• A pipe expander.  This is a small tool that can be used to work around problems where the slip-fit pipes won't fit in the ends of the muffler or cats.  You will not be able to use an inexpensive pipe expander to expand one pipe so it can fit in another pipe; those expanders are far more expensive.  The one I got was about $30 on Amazon, and was extremely useful for situations where I couldn't QUITE get the pipe to fit in the muffler or cat.  To expand the ends of the cats, I needed to cut the bolt at the end of the expander to avoid damaging the honeycomb of the cat.
  • Bench grinder.  I already had one, and it's great for getting rid of burs after cutting pipes.


The first thing I did was make sure there was enough room for the cat and its piping, specifically with regards to the space between the cats and the rear fascia.  For the muffler end, I used a 90 degree 2.5" bend radius stainless steel pipe for one end of the cat, cutting it as short as possible with a 1" band clamp, as there wasn't enough space to fit the longer lap clamps.  A similar pipe was used on the other end, but steel, as I needed to weld a flange onto it for the headers.  I started by only cutting the cat ends of the pipe, leaving the other ends long until I could get the fit figured out.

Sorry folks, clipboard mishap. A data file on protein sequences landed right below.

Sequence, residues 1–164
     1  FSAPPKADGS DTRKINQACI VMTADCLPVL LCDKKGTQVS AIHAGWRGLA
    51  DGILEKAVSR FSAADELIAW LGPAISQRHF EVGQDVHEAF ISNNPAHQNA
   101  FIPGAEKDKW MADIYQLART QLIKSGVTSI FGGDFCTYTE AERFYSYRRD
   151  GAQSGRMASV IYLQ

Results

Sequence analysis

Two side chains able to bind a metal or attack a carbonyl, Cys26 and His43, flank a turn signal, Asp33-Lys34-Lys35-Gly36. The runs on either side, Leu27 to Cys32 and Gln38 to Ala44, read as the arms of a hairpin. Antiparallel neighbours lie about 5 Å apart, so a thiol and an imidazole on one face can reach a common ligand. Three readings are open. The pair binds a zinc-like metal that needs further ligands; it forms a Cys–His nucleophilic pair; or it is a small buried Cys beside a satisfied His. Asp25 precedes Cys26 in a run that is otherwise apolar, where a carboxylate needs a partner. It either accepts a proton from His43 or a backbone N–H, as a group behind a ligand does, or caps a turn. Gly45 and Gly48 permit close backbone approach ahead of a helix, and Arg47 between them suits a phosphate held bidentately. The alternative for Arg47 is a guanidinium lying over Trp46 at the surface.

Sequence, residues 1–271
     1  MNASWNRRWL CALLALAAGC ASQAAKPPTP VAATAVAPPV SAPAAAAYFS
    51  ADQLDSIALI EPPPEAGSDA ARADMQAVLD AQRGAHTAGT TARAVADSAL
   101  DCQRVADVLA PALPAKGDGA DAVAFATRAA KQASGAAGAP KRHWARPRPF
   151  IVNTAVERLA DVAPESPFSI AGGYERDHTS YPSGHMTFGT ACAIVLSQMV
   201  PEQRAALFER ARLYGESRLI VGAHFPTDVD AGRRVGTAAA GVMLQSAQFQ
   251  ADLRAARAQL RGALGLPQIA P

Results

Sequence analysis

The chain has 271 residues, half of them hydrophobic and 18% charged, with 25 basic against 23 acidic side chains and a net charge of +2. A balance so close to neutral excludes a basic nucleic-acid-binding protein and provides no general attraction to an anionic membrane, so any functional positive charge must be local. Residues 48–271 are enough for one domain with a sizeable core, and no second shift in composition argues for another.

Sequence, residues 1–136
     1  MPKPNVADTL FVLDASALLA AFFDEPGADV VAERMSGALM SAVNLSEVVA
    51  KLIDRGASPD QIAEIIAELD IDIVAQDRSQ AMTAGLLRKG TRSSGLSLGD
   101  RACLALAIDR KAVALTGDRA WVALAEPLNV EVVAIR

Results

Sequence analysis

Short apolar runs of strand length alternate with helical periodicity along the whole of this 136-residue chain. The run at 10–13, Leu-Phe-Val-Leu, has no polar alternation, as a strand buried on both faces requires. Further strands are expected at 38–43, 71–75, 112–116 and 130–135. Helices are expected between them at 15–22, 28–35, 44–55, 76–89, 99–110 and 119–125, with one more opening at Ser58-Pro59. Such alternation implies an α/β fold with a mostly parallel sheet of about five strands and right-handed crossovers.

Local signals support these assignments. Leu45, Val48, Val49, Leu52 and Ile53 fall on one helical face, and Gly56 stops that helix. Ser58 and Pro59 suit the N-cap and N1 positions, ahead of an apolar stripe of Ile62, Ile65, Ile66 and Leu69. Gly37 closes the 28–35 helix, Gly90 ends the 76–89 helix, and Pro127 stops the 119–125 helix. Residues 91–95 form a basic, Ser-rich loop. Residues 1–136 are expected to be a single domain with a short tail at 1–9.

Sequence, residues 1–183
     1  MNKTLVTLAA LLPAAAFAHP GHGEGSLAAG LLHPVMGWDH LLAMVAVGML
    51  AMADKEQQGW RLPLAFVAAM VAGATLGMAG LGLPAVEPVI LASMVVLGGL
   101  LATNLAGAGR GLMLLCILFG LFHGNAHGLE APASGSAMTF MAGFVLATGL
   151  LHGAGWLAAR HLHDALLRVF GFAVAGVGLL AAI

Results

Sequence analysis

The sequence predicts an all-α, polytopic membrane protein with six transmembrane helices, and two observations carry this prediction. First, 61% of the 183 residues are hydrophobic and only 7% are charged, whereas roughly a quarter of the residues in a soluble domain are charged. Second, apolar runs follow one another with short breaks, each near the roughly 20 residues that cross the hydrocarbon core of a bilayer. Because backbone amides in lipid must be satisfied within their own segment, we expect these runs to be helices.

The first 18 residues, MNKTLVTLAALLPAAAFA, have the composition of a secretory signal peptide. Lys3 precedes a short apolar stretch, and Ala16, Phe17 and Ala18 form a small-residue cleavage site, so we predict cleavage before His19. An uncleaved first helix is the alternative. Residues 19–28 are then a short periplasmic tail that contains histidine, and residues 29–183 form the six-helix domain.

Cutting the Pipes

The chop saw tended to leave two two burs on the cut, one on the inside of the top part of the pipe where the saw pushed down on it, and another coming off the bottom part of the pipe.  The bottom one was easy to grind off with the bench grinder.  The top one was trickier, since it was inside the pipe.  At first I used a drill with a wire brush to bend the burs back out, then grinding them off with the bench grinder again.  Later I switched to a Dremel with a grinding bit, which let me remove the bur in one go. 

I wound up having to cut down the ends of the cats pipes to further reduce how much space was needed for installation.  After cutting, the ends had deformed slightly, which made it difficult to fit the pipe into it.  This is where the pipe extender came in handy -- it easily returned the end to round, and let the exhaust pipe slip in without any problems.

Getting ready to use the pipe expander to fix the slightly crushed end of the cat.

The pipe expander inserted into the cat, with a wrench used to expand it.

The stainless steel and steel pipes mounted in the cats, secured with 1" band clamps.

Fitting and Mounting the Muffler